Gaanam ("voice" in Sanskrit) was composed as a piece steeped in the Carnatic idiom that could (via thorough listening) be rendered by a traditional choir. It was based on certain high-level theoretical concepts of melody and rhythm in Carnatic music (alapana, vrittham, and thani avarthanam) that were explored and further developed beyond their original idiom, thus harnessing the power of the multi-phonic ensemble. The singers first used a basic score for introduction to the challenging Indian languages as well as the general melodic contours before using their ears, hand motions, graph drawings, and transcription software to achieve the microtonal nature of Carnatic music.
Microtonality of Carnatic (South Indian classical) music. NB: When defining the microtonality of Carnatic music, it is important to think of motion. The "notes between notes" are essentially inflections localized on particular swaras (scale degrees). This piece is primarily based on three ragas: Kalyani, Desh, Hamsanadham. Each come with their own set of the idiomatic motions (gamakams)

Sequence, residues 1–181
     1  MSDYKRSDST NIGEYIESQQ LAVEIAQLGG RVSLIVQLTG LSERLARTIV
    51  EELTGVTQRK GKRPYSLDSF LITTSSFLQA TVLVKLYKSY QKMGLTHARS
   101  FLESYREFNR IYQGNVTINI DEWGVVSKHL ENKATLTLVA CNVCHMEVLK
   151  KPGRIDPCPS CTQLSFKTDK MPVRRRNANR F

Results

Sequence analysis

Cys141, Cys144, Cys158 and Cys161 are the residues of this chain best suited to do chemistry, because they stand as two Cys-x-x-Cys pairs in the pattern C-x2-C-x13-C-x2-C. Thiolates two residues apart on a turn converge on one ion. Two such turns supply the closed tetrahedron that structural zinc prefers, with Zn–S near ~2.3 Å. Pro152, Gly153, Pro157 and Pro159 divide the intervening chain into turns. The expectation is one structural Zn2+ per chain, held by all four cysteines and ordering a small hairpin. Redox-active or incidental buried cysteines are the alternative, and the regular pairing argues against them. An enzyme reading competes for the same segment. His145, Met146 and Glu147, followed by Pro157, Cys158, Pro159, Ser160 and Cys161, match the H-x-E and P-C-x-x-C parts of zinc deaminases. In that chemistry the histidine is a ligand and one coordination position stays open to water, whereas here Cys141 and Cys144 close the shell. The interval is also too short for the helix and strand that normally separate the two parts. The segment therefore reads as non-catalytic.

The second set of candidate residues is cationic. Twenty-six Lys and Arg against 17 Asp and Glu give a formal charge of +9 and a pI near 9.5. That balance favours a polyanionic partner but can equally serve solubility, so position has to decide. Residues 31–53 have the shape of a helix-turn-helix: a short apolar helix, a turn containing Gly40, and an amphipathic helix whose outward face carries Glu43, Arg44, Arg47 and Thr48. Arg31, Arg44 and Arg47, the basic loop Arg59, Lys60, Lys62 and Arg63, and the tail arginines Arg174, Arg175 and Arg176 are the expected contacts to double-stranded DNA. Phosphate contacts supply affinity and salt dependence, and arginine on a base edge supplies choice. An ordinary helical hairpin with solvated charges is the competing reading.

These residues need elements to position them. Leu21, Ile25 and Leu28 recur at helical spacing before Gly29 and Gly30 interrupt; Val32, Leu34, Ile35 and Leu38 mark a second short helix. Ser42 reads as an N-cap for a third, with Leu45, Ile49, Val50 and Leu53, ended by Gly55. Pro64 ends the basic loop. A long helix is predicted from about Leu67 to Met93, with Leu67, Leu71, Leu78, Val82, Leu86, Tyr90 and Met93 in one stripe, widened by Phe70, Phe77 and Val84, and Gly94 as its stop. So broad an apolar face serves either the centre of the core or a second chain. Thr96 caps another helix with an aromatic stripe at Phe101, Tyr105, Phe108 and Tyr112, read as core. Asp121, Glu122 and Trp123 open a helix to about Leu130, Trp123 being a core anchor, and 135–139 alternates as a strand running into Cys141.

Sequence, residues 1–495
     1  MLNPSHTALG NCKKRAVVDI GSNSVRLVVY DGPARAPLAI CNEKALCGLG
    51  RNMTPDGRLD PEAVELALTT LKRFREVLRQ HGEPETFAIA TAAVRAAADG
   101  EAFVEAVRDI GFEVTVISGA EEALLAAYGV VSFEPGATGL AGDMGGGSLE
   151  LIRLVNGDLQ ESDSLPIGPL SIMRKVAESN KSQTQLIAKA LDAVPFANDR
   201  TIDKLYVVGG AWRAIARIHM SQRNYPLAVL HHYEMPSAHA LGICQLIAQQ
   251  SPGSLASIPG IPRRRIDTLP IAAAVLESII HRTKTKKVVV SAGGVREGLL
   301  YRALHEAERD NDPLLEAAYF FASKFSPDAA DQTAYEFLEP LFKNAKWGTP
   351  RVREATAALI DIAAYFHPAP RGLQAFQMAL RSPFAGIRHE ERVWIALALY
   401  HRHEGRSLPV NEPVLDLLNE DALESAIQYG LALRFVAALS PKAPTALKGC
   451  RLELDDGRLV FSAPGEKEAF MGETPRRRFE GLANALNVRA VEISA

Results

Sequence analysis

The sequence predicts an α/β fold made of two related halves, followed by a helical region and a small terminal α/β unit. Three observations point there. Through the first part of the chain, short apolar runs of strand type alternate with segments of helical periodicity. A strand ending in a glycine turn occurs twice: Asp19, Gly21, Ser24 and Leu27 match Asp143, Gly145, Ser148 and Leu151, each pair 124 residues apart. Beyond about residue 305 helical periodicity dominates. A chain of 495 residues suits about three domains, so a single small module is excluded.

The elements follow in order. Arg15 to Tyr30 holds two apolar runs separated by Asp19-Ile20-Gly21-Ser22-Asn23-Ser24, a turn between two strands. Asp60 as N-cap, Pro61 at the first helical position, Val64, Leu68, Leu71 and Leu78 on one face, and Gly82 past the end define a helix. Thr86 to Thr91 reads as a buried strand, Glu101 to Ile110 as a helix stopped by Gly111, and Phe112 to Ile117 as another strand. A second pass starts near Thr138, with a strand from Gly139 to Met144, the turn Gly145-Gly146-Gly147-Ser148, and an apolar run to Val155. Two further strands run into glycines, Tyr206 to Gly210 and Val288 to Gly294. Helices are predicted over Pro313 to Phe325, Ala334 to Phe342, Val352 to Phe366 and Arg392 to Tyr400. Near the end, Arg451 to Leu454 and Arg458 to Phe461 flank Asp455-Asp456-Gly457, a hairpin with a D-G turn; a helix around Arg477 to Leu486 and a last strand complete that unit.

Shruthi Rajasekar is an Indian-American composer and vocalist. Trained in the Carnatic and later Western classical idioms, she explores the intersection of cultural and musical identity in her music. Shruthi graduated with highest honors from Princeton University with a B.A. in music, received the Edward T. Cone prize for her compositions, and is pursuing graduate study in ethnomusicology and composition in the UK as a Marshall Scholar.